As general aviation service models continue to expand and evolve, investors in direct aviation infrastructure and service companies take different views on the merits of an integrated service offering versus narrowly specialized services. The model for the provision of on-airport services such as Fixed Base Operations (FBO), Maintenance Repair and Overhaul (MRO) and Aircraft Management and Charter (ACM) has varied among integrated/full service providers, specialized service providers and various hybrid structures in between.
FBOs are currently seen as the most valuable segment of general aviation services as they normally consist of long-term leases with strong operating rights and high barriers to entry, stable cash flows, and low execution risk associated with the core line services of aircraft handling and fueling. This is impacted, however, by the fact that when a facility reaches capacity revenue growth of line services may be limited to competing for additional transient market share at the airport. The same infrastructure characteristics which provide stability also limit growth, especially within the context of a single airport.
MRO is further down the stability continuum. Since airframe MRO must be performed on-airport, it has facility requirements similar to an FBO, just not necessarily of the same magnitude. While it is still an essential service, the periodicity of demand is not as frequent as fueling or handling. It is also not as location specific as core line service. While the revenue stream of an MRO service provider is comprised of a number of retail transactions, the capability and capacity of supply of this service drives the down time of an aircraft. Given the importance of availability, flexibility and reliability in the private aviation value equation, MRO is an important consideration for corporate aviation users.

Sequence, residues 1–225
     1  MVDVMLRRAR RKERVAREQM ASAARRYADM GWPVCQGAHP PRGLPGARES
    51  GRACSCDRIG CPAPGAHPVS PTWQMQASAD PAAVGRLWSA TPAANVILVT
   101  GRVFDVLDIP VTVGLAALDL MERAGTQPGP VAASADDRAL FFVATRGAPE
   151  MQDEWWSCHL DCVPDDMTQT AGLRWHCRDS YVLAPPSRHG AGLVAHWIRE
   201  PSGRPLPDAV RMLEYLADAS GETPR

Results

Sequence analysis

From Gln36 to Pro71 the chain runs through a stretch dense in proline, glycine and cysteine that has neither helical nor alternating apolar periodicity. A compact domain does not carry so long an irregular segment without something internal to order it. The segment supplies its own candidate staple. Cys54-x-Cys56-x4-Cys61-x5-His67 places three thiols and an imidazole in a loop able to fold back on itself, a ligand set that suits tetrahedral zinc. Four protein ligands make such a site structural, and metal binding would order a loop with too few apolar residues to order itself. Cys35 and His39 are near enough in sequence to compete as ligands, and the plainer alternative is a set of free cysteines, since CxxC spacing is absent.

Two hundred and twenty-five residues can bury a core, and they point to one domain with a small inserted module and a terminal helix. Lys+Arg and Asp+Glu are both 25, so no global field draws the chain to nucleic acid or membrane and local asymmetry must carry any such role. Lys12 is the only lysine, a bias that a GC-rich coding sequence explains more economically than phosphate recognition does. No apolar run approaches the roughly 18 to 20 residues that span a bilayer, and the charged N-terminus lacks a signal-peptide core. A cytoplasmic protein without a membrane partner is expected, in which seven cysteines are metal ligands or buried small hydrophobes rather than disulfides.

The service with the most variance in terms of local demand and sometimes pricing is Aircraft Charter and Management. This is due to a number of reasons. First, it is not as location specific as FBO or MRO—while flights obviously originate and terminate at an airport, the service provider does not have to have a physical presence at that airport. Most of the assets providing the service (airplanes) are managed by the operator rather than owned, either outright or through a lease. The presence of charter brokers in the industry (companies which “sell” charter and then book the flight with a certificated Part 135 operator in order to fulfill it) distorts pricing, demand and reduces transparency to the customer. Also and perhaps most important is the fact that charter demand is the least predictable relative to the other two service offerings (most airplanes’ crews don’t change their mind when requesting line services at an airport and most MRO is required by regulation at certain intervals). The other side of the coin, however, is that in some ways ACM has the most upside with the least capital requirement—the management model allows for putting additional aircraft, with potentially high incremental revenue streams, on the air carrier certificate with little cost to the operator.
In our next post we will review the potential synergies among the service offerings.